Q. When the idea of BOP first came it was mostly about what multinational companies could do. Are multinational companies today as invested in the idea as they were back then?
A. That’s a very important question because [that’s how] the idea was born. Multinational companies were best suited to do that because they are global, they have the motivation, the knowhow and the resources, and they want the consumers. The idea was perhaps there was a huge market in the aggregate. Even though the people there consume a little, the aggregate is a lot of money. This is what people called BOP 1.0. And it failed. This gave space for BOP 2.0. So people said multinationals have to play the leading role. They said the first [version of BOP] is doing business in the base of pyramid, the second is with the base of the pyramid. That evolved the original thinking a little bit. They try to do some empowerment in the local population, and maybe forge some alliances or try to find some leadership or create some leadership, and to empower these people to generate more income and start to work with multinationals but be like a middleman in this relationship.
BOP 3.0 is still evolving. They say, “Well, we are going to do business with the base of the pyramid but for the base of the pyramid.” That’s what attracts me because you don’t rely too much on the multinational’s cooperation. I think this is an opportunity at least in Latin America for the private local sector to do something, maybe with the same mindset of the multinationals because at the end, these are not NGOs; these are for-profit companies. I don’t have anything against that. In the meantime everybody would be better off. I am getting excited because at the same time what we want to do is try to move people from the informal sector to a formal economy.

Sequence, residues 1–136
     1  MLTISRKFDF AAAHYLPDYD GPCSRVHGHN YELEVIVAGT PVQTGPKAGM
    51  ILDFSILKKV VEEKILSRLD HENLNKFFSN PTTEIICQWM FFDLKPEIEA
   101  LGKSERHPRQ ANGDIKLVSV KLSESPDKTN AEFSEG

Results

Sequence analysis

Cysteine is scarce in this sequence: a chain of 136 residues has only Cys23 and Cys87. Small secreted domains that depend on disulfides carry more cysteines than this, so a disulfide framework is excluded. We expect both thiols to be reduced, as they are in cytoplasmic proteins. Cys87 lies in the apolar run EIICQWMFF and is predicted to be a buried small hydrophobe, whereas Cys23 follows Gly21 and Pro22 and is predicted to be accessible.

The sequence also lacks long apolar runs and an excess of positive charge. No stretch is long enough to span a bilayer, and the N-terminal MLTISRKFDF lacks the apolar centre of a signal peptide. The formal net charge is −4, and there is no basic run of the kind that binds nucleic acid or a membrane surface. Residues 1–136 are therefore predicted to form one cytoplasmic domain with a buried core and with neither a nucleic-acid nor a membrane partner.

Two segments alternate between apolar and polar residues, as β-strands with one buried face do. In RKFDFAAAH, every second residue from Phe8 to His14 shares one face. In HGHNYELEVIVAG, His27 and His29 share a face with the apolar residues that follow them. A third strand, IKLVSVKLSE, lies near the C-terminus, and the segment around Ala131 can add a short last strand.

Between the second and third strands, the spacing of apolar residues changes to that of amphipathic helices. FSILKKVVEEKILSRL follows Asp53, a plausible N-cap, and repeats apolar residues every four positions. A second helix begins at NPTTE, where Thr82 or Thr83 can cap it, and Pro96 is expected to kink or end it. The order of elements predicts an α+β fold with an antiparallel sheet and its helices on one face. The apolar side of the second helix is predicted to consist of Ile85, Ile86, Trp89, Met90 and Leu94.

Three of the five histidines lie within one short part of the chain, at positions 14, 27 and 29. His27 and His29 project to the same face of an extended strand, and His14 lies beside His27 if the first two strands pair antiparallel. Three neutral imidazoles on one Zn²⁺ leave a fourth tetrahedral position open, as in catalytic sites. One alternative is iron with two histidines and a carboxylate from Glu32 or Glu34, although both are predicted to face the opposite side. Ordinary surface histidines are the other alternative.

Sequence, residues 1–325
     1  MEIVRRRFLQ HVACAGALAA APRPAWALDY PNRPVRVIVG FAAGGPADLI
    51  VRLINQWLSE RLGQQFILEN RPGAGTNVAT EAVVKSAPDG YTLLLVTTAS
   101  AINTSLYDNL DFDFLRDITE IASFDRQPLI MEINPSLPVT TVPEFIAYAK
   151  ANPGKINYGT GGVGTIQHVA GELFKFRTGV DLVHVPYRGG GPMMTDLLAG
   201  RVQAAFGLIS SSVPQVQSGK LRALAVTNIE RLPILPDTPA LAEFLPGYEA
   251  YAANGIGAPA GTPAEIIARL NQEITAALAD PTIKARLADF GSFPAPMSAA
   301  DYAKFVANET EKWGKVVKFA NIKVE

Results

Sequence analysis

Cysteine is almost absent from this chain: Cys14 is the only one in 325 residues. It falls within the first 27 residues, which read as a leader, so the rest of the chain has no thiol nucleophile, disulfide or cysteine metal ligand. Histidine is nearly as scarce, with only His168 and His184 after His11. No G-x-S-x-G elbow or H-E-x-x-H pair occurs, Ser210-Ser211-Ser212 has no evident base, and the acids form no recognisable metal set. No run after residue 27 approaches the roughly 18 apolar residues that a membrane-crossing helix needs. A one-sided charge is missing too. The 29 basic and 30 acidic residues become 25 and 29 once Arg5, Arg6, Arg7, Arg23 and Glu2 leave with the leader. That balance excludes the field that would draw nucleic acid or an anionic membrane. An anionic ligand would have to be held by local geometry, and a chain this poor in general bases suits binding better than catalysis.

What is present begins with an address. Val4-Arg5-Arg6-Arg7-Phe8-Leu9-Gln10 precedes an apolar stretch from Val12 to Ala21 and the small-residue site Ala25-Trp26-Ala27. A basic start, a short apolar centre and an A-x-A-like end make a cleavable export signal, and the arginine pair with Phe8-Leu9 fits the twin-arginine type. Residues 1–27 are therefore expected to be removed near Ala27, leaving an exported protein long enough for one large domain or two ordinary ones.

Q. So what does BOP 3.0 mean?
A. It means first of all, to learn. At the beginning, multinationals were just trying to use the same marketing strategies they were using successfully in the developed world. In the second version, this was improved: some multinationals in India sent executives to live in their communities for one month and things like that. The third one is to try to engage more local population. Unfortunately we are still thinking of multinationals because of all the knowledge they generated. Of course the multinational is going to play a role for sure but it can be more than that. I think the native private sector has a role, and they talk about creating an ecosystem, because there’s nothing but just informal transactions, barter and things like that.